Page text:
Minor change to CrimPR
References to exhibits are going to get a bit easier to handle
The Forensic Science Regulator publishes a helpful newsletter (see https://www.gov.uk/government/collections/fsr-newsletters). The latest issue draws attention to a recommendation for a minor, but helpful, change to the Criminal Procedure Rules (CrimPR). Currently Rule 16.3 of the CrimPR states:
Where the statement refers to a document or object as an exhibit–
a. the statement must contain such a description of that exhibit as to identify it clearly; and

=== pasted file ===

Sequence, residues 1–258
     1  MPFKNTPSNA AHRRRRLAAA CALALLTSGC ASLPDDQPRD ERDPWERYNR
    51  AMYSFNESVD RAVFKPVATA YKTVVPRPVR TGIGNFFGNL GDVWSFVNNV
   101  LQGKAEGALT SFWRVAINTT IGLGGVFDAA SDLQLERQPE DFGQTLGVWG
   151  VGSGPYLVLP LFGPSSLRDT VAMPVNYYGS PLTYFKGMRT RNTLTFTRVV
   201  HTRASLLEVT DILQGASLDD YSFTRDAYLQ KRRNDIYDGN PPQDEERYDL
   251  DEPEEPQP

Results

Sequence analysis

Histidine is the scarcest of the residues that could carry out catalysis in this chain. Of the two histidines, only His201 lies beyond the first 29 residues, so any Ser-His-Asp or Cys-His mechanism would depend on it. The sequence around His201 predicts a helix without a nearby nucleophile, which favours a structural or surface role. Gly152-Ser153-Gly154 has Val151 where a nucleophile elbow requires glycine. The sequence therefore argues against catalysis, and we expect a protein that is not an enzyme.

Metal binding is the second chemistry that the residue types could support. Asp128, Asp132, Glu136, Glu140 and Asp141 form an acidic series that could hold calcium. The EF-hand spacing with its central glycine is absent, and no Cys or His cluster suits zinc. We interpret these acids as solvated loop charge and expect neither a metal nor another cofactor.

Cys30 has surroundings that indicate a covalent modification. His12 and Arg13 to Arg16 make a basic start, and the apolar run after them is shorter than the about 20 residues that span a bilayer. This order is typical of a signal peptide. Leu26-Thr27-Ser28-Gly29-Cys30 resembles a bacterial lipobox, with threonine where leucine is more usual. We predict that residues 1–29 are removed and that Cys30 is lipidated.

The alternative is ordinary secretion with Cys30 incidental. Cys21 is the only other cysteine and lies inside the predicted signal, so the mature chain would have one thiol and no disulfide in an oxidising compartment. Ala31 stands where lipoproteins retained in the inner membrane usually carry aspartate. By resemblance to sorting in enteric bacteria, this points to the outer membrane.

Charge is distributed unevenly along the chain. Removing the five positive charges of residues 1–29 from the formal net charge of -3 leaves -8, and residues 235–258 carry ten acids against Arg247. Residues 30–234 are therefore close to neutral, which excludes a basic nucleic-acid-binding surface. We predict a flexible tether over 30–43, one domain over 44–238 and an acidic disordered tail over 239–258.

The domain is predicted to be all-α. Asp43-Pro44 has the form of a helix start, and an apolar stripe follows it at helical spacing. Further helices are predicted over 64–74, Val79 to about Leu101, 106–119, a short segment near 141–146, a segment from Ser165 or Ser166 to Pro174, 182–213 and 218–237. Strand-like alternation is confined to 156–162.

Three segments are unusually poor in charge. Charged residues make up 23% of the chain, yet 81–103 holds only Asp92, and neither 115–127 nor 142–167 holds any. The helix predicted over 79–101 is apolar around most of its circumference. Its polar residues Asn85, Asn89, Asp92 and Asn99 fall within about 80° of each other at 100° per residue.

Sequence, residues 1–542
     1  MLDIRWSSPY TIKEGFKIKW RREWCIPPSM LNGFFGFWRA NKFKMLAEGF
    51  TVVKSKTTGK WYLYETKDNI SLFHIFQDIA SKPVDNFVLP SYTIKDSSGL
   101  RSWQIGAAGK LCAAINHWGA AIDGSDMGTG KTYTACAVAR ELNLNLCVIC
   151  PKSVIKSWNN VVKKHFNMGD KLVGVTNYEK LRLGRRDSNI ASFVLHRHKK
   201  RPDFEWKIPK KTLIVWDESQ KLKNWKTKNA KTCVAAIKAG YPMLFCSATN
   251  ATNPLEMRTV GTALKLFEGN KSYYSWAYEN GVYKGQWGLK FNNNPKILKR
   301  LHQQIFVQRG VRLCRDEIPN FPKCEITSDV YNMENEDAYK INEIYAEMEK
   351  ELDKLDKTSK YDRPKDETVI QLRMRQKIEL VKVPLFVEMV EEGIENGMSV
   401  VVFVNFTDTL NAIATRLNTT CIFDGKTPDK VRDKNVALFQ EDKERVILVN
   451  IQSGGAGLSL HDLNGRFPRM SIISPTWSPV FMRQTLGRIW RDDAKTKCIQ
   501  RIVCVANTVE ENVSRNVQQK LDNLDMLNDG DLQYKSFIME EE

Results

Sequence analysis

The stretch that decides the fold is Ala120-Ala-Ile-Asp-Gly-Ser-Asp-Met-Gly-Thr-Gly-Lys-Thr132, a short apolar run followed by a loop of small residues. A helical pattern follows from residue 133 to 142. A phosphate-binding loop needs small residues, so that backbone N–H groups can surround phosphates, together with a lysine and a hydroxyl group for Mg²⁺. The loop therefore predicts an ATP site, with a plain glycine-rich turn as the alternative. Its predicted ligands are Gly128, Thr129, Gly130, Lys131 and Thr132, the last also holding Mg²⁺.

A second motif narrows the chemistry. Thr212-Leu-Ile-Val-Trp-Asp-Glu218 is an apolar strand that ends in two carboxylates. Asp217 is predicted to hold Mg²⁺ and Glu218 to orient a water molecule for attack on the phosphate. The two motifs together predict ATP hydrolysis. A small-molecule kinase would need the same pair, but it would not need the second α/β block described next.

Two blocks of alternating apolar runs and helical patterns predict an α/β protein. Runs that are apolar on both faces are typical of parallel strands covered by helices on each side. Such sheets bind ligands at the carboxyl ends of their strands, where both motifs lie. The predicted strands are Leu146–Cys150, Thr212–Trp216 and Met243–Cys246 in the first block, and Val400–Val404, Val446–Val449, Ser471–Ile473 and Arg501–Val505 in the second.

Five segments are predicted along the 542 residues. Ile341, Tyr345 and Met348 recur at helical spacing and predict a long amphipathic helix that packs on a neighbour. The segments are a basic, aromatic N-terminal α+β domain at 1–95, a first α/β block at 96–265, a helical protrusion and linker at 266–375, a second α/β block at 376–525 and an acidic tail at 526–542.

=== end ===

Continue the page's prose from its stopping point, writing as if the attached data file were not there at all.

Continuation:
b. the exhibit must be labelled or marked correspondingly, and the label or mark signed by the maker of the statement.
What has been uncertain in this is what is actually required. Some commissioners of services require each person referring to an exhibit to sign the exhibit label, others do not. The view of the Crown Prosecution Service is that the requirement to sign the label applies to the person who first ‘exhibits’ the item as opposed to every person who refers to it. It is also clear that in many cases a witness will refer to an exhibit that has never been in his or her possession and, consequently, cannot sign the label.
The CrimPR Committee has therefore recommended that the wording of Rule 16.3 be amended to read as follows.
16.3. Where the statement refers to a document or object as an exhibit, it must identify that document or object clearly.
This change is likely to take effect from October 2016.